With cross-border e-commerce, it’s easy to think at 35,000 feet above sea-level – about the planes that carry the cargo and the airlines that operate them. But when it comes to e-commerce’s thirst for expedited delivery, new opportunities for logistics optimization are carved out at other links along the air cargo supply chain as well. It’s important to think about operations on the ground first, where national borders and customs regulations can complicate the situation.
Take road feeder trucking services, for example. They have always been a vital link in the airfreight supply chain, but one that is often invisible, as cargo is transported from one air hub to a regional airport, or to the point of delivery. Along the U.S.-Mexico border, one Santa Clarita, Calif.-based company has built its entire business around making the border irrelevant.
The cornerstone of Mexpress International’s business has been its crossborder, airport-to-airport road feeder service, which utilizes bonded lessthan-truckload (LTL) and full-truckload (FTL) trucking operations to offer “virtual next day air” and “second day air” solutions. Both services link bonded Exclusive Use Vehicles (EUV) on each side of the border with a transfer company that is tasked with moving the trailer across the border from one truck to another without breaking down the load. “Since we handle air cargo originating in Europe/Asia, we have to present the USA inbound documents to Customs and Border Patrol,” to make the transfer, says company president Carlos Duron, a process which he says usually takes just “1-2 hours.” Recently, e-commerce-fueled market demands prompted the company to add last-mile and parcel delivery services, effective May 2.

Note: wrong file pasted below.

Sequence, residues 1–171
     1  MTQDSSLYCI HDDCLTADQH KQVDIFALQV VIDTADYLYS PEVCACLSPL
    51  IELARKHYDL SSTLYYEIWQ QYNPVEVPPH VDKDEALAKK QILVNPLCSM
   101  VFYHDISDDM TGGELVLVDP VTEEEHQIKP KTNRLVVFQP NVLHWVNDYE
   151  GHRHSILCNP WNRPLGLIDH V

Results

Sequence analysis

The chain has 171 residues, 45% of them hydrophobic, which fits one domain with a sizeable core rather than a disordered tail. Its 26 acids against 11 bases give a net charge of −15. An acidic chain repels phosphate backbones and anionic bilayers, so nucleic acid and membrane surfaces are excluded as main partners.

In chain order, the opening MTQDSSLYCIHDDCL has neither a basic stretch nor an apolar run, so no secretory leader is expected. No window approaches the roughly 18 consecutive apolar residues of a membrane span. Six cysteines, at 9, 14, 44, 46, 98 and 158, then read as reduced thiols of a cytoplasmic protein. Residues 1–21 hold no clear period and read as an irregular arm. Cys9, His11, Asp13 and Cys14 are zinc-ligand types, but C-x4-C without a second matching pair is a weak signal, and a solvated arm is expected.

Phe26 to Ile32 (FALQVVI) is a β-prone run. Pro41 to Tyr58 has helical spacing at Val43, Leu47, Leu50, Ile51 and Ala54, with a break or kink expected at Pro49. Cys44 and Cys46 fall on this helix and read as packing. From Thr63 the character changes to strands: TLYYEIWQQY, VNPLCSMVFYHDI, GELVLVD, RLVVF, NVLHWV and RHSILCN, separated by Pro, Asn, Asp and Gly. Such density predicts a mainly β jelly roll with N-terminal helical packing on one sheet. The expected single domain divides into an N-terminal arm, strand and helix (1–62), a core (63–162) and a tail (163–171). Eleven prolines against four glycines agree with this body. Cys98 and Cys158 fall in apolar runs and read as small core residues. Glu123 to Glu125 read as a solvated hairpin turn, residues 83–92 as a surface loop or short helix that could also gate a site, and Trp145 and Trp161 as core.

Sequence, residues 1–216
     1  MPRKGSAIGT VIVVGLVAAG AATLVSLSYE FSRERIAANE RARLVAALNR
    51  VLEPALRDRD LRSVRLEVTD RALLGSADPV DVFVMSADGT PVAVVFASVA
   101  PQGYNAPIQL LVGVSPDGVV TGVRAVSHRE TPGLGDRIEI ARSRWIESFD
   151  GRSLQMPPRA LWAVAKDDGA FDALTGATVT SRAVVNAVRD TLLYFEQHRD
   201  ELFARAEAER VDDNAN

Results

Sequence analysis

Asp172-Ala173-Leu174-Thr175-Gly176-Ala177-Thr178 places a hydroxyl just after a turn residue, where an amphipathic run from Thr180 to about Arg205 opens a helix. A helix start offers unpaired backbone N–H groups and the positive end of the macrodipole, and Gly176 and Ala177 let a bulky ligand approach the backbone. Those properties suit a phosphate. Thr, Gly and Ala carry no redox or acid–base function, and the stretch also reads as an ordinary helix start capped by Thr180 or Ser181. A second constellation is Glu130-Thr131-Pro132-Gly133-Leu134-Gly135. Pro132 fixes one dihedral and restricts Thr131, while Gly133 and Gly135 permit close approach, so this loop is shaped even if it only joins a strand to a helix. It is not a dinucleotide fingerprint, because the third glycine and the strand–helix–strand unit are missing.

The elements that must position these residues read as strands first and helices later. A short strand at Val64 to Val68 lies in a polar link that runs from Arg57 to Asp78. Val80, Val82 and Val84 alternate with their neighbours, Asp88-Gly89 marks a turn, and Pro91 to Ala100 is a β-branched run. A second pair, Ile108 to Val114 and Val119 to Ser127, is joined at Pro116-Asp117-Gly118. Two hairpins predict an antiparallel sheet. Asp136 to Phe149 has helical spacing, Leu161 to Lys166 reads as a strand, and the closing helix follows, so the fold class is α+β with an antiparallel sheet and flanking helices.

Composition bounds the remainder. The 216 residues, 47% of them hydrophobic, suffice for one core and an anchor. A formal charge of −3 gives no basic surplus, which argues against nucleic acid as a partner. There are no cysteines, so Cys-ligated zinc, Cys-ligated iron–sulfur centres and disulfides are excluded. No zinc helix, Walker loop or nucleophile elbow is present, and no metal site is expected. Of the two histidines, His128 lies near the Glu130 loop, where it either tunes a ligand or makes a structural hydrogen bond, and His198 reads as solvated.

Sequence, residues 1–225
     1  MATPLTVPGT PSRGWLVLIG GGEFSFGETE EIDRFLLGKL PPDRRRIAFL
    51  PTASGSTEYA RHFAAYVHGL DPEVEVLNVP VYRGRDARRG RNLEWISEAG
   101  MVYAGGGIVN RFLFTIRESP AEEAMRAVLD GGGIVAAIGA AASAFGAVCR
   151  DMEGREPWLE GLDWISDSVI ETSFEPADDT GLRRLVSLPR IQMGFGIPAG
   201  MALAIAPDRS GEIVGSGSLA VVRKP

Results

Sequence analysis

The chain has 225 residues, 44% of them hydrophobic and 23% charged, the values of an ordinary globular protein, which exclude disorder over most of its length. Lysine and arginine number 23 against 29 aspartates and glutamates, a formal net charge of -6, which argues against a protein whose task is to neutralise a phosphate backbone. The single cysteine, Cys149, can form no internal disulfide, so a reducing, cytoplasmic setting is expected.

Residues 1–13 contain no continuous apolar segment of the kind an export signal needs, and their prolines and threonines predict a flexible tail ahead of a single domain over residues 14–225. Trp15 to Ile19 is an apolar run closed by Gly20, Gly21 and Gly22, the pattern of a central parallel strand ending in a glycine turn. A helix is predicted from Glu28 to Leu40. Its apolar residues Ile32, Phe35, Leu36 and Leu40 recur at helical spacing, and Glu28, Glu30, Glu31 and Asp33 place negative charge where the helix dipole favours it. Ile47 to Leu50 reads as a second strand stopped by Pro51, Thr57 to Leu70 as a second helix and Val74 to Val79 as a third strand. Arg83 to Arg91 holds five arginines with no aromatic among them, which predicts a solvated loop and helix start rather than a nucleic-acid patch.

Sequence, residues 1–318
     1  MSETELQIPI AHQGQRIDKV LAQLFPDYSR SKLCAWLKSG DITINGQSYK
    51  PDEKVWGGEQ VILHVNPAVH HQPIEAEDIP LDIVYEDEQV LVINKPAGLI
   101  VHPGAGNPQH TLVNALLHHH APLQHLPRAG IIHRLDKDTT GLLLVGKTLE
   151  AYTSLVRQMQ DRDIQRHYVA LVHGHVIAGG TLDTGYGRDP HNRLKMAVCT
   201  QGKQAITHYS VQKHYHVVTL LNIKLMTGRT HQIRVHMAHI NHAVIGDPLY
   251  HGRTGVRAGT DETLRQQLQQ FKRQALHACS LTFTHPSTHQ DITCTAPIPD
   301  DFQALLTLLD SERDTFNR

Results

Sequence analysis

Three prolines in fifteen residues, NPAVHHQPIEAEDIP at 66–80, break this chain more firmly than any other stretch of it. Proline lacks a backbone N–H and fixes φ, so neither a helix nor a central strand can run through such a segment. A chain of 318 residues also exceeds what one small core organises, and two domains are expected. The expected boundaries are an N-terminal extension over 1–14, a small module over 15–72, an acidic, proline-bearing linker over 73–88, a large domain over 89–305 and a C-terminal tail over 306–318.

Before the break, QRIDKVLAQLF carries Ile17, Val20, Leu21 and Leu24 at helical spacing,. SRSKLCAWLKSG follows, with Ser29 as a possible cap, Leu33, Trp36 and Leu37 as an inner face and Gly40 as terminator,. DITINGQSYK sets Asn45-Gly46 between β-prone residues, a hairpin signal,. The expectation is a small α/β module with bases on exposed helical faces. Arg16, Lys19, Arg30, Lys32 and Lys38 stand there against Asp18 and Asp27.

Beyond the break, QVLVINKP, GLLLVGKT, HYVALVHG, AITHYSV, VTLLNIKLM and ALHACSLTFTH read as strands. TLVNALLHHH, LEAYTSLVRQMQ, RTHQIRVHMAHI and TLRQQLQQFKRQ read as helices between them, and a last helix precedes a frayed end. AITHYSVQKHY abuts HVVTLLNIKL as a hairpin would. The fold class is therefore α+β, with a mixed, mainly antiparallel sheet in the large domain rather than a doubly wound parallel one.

Mexpress’ bonded services have expanded rapidly in Mexico because many airports in second- and third-tier Mexican cities lack the infrastructure to handle air cargo shipments, and, given their distance from the country’s main international airport in Mexico City, lack direct connectivity with cargo airports in Asia and Europe.
Therefore, much of the international freight destined for smaller cities in Mexico first touches the ground in Los Angeles (LAX) or Dallas (DFW) and then moves onward to Mexico by air or road. According to Duron, “oftentimes, freight on pallets arriving from international destinations, in the bellies of widebody aircraft, simply does not fit on the smaller interline planes traveling to smaller airports,” meaning the freight must be consolidated and flown to Mexico City or Guadalajara, and then trucked to its final destination – or simply carried to the final destination by Mexpress. Mike Gamel, chairman and head of sales, claims that Mexpress’ FTL service from LAX or DFW to smaller Mexican cities “beats the airfreight process to these locations by at least one day.”